His plan for me, and for all of His children, is to live a life of purpose and forward motion and joy. To find wonder in the tasks set before us, and to smile and wave at each other as we pass by, letting those around us see the Son shining in our faces and in our hearts.

As I rounded the last turn of my mowing journey, contemplating these thoughts and changing my point of view, I glanced toward the sidewalk in front of our house. There she stood, my miniature Parade Princess, waving her little arm as hard as she could with her hand held high and her smile beaming across the yard. “Good job, Mommy!” she exclaimed, jumping up and down, “You’re doing so great!” She continued cheering, interchanging thumbs up and blown kisses as I drove my final lap.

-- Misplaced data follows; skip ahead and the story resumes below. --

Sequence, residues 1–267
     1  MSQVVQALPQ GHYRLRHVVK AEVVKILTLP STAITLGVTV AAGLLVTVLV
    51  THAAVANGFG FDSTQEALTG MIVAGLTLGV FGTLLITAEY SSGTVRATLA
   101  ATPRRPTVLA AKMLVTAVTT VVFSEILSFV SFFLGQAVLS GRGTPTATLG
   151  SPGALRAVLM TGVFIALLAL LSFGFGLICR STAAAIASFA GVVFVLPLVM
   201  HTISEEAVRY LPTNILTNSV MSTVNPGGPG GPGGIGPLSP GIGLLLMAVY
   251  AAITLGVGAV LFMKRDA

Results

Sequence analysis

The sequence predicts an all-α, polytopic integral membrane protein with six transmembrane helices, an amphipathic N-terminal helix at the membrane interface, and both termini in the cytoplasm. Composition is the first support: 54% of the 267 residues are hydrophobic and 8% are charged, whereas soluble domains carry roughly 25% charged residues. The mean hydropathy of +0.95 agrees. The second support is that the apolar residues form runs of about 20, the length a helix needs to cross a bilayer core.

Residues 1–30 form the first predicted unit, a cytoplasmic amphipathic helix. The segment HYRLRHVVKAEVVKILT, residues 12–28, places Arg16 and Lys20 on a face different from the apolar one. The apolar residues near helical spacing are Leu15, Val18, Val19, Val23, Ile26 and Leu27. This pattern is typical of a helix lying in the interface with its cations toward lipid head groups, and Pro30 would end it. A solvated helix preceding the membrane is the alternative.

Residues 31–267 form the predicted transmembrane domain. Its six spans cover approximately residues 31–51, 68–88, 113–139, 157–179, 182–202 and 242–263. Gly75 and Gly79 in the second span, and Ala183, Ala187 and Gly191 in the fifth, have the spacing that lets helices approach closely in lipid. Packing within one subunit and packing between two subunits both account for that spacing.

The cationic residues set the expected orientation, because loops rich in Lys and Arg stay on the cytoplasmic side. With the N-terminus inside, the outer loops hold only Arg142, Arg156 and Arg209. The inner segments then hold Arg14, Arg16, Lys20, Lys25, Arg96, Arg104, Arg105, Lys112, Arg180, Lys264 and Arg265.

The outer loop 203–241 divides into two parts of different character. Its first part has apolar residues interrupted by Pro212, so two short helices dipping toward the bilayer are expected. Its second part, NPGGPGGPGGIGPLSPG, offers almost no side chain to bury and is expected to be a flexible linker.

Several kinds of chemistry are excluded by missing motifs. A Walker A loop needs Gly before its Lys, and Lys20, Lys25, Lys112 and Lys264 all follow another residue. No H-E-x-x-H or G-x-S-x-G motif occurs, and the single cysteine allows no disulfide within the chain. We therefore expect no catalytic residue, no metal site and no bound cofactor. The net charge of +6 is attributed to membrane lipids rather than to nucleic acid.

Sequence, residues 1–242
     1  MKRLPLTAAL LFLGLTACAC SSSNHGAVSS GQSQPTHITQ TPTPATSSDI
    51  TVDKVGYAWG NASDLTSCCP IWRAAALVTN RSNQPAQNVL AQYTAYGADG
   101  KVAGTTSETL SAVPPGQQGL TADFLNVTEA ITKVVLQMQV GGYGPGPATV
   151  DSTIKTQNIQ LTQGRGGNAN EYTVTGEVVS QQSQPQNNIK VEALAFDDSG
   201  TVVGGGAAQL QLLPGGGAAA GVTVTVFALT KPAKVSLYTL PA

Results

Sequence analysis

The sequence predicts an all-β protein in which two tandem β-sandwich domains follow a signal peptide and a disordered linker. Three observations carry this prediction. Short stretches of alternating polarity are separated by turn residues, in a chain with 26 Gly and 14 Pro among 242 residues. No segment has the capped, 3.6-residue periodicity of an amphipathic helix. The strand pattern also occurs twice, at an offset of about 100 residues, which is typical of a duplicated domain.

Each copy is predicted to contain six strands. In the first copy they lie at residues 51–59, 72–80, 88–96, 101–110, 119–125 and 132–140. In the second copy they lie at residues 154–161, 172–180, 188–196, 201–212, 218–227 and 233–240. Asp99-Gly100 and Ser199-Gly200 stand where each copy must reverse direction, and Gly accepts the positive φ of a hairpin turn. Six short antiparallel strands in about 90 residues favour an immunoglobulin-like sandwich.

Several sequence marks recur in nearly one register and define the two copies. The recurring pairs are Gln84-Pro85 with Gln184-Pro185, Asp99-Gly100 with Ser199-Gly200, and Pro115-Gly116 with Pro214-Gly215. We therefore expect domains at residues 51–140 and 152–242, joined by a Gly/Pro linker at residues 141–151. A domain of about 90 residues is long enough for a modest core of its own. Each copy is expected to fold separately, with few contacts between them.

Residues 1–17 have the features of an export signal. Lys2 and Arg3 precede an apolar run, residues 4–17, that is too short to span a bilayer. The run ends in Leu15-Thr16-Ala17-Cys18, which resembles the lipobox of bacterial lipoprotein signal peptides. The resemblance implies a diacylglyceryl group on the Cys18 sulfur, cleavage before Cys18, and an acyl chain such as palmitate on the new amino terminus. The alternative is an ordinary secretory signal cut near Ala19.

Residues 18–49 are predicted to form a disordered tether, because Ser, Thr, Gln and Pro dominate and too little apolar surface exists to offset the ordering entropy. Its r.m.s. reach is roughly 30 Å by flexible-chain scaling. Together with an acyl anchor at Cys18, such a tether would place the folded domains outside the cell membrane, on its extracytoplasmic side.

Never mind that it took me three times as long to complete the job as it does her daddy. Never mind that I looked like a chimney sweep from all of the dust and dirt that covered every inch of me. Never mind that there were patches of grass left between my routes because I can’t perform tight enough turns. Her pride and enthusiasm knew no bounds.

As I carried her into the house so we could both clean up, my heart was lighter and more full than it had been a few hours earlier. While I can’t say that I actually enjoyed the landscaping experience, I can say I felt a sense of satisfaction at a job done well (ok, decently).  And at the applause of an enthusiastic supporter. And at finishing a task.

Too often, I’m so busy looking at the next item on my list, that I don’t take time to celebrate checking off the one I completed. I forget to get off the mower/roller coaster/whatever analogy you prefer and relax, for however long I can, while basking in the joy of a job well done.